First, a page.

Been waiting to see this article appear on Esquire.com since it showed up in my July issue. I loved it, Karin loved, I wanted to share it.
In “The Conversion of an Apathetic Driver”, Benjamin Alsup does a brilliant, funny job describing the awakening of a desire he did not even know he had.
The subtitle, “How I Learned to Stop Worrying and Love the Audi A6” says it all.
When I talk to people about their desires, it never fails to surprise me just how difficult it is for people to dream. Somehow, instead of natural, fun, and yes, pragmatic (thoughts become things, remember?) place to put your awareness, dreaming became folly – an impractical waste of time – as in “it’s never going to happen anyway, so why fool myself?” Or dreaming became dangerous, in conflict with what the “good” people do (which is suffer and take their medicine, dammit).
I’d ask an old friend about his dreams. He would skirt the question, saying he had all he wanted. In fact, he had strong beliefs that wanting more, especially in a material sense, was wrong. I think he used the word “evil” a few times.
He drove a piece-of-shit Geo and in one breath would argue the merits of his cheap, no-frills ride, while in the next, complaining about the cost of the constant stream of repair bills it generated. Wouldn’t he prefer a nicer car – a more comfortable, reliable mode of transportation, I’d ask?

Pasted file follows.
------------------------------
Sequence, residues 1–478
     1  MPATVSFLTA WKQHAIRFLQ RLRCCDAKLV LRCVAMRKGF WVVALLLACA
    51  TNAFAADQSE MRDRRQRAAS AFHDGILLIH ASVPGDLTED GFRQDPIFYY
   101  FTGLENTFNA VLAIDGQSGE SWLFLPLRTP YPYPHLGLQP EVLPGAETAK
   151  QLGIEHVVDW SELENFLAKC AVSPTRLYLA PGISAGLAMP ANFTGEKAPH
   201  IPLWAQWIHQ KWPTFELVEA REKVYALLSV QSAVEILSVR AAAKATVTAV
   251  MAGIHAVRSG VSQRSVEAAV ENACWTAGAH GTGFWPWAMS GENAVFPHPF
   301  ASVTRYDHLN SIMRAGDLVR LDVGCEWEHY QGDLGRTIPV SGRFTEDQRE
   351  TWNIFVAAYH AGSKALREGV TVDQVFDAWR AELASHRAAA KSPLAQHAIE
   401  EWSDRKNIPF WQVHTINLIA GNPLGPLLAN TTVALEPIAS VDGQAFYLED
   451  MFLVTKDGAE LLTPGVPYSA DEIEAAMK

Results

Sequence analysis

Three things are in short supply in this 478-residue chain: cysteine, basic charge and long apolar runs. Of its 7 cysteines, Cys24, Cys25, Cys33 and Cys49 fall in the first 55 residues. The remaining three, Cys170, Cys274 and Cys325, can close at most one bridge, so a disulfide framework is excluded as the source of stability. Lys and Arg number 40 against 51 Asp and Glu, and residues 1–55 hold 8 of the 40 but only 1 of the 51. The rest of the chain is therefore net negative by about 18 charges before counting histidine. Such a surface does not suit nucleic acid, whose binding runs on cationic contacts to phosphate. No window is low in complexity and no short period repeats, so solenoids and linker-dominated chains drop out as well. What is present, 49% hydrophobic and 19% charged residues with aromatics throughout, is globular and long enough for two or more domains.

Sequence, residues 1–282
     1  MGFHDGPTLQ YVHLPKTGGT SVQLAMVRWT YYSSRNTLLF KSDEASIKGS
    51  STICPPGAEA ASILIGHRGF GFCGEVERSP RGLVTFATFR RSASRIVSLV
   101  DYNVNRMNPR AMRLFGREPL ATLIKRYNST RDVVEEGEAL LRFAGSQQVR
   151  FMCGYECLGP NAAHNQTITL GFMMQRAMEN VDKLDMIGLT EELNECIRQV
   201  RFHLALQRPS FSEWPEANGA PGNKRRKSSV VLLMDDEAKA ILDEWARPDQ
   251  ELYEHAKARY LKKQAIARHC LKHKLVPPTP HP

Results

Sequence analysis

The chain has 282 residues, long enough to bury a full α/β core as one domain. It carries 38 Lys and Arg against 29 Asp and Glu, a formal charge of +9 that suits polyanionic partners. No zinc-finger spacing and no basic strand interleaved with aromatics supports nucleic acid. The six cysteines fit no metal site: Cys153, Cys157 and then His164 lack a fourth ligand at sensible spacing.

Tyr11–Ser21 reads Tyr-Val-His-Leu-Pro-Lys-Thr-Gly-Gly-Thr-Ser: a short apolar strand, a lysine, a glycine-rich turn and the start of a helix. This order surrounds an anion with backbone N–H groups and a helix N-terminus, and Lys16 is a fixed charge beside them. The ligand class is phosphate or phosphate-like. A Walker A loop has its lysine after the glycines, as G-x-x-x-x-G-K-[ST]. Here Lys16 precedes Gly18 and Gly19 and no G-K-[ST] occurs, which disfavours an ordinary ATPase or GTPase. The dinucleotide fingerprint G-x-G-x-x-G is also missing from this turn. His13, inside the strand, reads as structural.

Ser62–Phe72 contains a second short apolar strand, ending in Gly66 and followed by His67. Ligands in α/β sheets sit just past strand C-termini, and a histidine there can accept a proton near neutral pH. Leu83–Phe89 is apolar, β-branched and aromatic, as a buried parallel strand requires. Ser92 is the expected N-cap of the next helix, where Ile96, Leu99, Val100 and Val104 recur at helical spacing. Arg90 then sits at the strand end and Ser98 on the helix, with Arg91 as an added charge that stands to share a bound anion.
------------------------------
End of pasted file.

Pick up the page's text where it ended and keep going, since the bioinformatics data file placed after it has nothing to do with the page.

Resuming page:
Oh, no. For him, there was a nobility in the suffering. He might have to hitch a ride every once in a while, but at least he wasn’t one of those a-holes in a fancy car that actually works well.
Certainly, cars may not have been his thing (but then again, how would he know as his beliefs about nice cars/money/people-who-drive-nice-cars/ never allowed him to even explore this territory?). But this was never really about cars, anyway. It was about the conditioning that teaches us to suppress our desires.
We are built to expand, to want more, to grow, to experience, to evolve. This does not mean that we need to gather more stuff, to find our identities in the labels (or lack thereof) on our clothing. It just means that it’s cooler to be open to what feels good rather than clinging to your ideas (or ideals) of what’s supposed to be good.
You might surprise yourself.
Who knows, maybe you’d drive an S6…
And here’s another link to Mr. Alsup’s great piece of writing… Check it out!